Forbes recently estimated that Poroshenko was worth $1.4 billion, restoring the billionaire status that he lost in 2015. 

Poroshenko declared making about $4 million from a sale of Ukrainian government bonds. He also declared receiving about $65,000 in damages from the BBC for their report that he paid $400,000 for a meeting with the U.S. President Donald Trump, which BBC admitted was incorrect. 

Poroshenko’s biggest expenditure of the year was his re-election campaign: He transferred some Hr 500 million to his campaign fund in early 2019, according to the declaration. 

In terms of property, the declaration bore no surprises: Poroshenko and his wife declared their apartment in Kyiv and a palatial mansion in Kozyn, a village of the rich outside Kyiv. They own several cars and a number of luxury goods, including designer handbags, watches and paintings of Ukrainian and European artists. Every year, Poroshenko declares that he owns a “black leather coat.”

Poroshenko and his wife declared ownership of 28 companies.

The ex-president, who owns a bank in Ukraine, prefers to store savings in cash. He declared that he has a whopping $63 million in cash — of it, some $15 million is in hryvnia and the rest is in U.S. dollars. He has only some $3.2 million in the bank, according to the declaration.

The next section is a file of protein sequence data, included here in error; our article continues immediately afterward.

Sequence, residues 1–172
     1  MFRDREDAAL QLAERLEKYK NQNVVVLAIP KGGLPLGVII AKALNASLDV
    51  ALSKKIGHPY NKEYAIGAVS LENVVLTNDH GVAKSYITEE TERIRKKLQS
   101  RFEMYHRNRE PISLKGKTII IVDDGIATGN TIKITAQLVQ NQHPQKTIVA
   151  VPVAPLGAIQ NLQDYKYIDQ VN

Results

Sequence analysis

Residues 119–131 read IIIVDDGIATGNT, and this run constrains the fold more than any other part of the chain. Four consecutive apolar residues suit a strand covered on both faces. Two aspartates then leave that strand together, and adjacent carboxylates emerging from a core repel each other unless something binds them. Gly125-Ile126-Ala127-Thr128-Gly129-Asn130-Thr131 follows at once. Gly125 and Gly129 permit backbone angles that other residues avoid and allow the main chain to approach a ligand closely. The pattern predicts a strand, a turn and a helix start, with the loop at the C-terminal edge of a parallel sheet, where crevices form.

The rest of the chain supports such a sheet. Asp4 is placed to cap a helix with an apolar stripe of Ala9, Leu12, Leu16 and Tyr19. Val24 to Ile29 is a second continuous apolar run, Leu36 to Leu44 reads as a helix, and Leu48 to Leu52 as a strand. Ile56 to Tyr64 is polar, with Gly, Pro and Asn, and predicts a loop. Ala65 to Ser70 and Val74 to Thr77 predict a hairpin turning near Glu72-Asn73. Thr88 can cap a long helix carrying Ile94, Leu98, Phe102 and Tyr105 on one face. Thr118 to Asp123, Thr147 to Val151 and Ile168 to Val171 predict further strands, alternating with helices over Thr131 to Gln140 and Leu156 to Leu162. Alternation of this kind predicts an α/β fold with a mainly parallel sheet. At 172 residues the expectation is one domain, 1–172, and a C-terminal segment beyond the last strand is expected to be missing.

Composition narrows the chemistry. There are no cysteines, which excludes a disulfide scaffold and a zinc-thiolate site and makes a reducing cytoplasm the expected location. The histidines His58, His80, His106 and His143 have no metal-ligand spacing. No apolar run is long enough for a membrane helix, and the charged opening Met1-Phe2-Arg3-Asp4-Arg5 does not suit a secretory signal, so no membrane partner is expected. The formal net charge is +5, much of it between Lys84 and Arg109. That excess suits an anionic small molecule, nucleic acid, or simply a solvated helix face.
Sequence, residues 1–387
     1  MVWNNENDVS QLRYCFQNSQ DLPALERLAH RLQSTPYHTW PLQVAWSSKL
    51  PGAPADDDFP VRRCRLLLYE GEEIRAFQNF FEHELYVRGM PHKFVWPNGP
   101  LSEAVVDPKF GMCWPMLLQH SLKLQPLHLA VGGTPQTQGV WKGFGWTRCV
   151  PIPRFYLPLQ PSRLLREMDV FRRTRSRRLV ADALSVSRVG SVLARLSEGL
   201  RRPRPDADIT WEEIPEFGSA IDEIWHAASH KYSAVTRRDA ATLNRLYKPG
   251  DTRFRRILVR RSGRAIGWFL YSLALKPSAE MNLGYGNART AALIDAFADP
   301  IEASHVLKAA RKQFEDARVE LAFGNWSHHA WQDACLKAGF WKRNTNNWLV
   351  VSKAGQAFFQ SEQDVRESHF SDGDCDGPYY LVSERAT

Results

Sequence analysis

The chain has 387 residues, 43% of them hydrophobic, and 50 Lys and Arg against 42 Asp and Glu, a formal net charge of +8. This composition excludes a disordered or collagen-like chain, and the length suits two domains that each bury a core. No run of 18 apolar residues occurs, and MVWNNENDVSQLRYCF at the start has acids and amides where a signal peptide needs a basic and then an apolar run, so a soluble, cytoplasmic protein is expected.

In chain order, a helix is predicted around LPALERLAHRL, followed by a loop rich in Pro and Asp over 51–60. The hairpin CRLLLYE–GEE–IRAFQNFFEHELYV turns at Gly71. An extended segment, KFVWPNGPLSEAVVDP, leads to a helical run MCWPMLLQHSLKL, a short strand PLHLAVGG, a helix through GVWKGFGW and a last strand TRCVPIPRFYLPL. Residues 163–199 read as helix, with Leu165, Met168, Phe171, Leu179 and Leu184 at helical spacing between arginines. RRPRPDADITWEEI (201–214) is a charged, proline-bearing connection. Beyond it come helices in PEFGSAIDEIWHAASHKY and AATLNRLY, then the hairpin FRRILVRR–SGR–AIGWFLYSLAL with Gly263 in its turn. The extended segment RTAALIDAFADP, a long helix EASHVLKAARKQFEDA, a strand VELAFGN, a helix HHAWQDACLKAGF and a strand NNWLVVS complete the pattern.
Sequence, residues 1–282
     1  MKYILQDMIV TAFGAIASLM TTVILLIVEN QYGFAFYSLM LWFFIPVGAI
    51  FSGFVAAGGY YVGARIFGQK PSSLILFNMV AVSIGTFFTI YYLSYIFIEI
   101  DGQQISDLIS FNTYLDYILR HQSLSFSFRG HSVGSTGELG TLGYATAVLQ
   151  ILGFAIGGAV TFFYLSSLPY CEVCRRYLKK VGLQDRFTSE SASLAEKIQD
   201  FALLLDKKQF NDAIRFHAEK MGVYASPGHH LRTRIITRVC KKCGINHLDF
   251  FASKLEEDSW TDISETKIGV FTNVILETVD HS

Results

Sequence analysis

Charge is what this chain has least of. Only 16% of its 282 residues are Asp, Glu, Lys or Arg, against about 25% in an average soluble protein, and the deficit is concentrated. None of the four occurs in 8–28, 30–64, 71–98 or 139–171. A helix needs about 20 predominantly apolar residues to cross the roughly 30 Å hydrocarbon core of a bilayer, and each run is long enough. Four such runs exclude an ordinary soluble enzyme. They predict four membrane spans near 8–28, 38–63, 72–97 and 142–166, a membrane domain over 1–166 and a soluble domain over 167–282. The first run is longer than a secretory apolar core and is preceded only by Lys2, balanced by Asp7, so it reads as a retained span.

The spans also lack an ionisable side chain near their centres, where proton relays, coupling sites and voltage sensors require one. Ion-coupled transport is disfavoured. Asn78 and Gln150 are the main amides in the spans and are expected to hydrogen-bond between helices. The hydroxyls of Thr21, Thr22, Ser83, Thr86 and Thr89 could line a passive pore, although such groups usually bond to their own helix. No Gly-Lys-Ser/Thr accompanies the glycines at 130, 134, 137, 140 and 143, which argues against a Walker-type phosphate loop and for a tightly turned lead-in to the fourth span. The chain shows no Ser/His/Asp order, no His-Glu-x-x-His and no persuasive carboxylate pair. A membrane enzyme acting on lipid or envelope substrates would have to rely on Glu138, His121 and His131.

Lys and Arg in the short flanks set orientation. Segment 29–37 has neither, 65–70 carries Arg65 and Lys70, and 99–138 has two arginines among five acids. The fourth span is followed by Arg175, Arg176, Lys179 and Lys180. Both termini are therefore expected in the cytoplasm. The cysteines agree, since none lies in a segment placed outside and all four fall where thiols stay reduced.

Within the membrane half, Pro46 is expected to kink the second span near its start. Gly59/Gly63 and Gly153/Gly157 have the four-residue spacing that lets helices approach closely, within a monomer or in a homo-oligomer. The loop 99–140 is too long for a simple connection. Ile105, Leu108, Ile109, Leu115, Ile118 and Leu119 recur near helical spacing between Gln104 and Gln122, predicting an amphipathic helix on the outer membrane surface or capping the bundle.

Viktor Medvedchuk: He loves Russia and old books 

The asset declaration of lawmaker and political veteran Viktor Medvedchuk was the most newsworthy in Ukraine.

A personal friend of Russian President Vladimir Putin and an unofficial representative of Russia in Ukraine, Medvedchuk declared two impressive collections — of companies and antiques.

Medvedchuk’s wife, celebrity TV host Oksana Marchenko, is the main holder of the family’s assets. She owns 97 companies, according to the declaration. She declared earning over Hr 250 million ($9.3 million) in dividends, while Medvedchuk declared Hr 60 million ($2.24 million). 

But the biggest surprise was found in the family’s collection of antiquarian books. Medvedchuk declared that he owns “a fragment of the Gutenberg Bible dated 1455” — one of the first-ever printed books. 

A German historian told Deutsche Welle that he hoped Medvedchuk would publish “at least one photo” of the fragment he owns for historians to study. According to him, only 49 Gutenberg Bibles are known to exist today, and the last time one was sold at a public auction was “over 20 years ago” for “tens of millions of dollars.”

Apart from the Gutenberg Bible, Medvedchuk owns dozens of other antiquarian books from the 15-17th centuries, including a 15th-century gospel manuscript. He also declared “a collection of 1,040 books of the 18th century” and many first editions of Ukrainian and Russian classics of the 19th century, including Russian poet Alexander Pushkin. 

He and his wife also declared owning several hundred icons and paintings by Ukrainian, Russian and European artists, without specifying their names. Medvedchuk declared 23 watches by luxury brands, while his wife declared 22 watches. 

The couple has no apartments, but owns five houses, including four in Kyiv and one in Yalta, Crimea. They own 19 cars, including a Bentley, a Maybach and several BMWs and Mercedes.

(c)KYIV POST 2020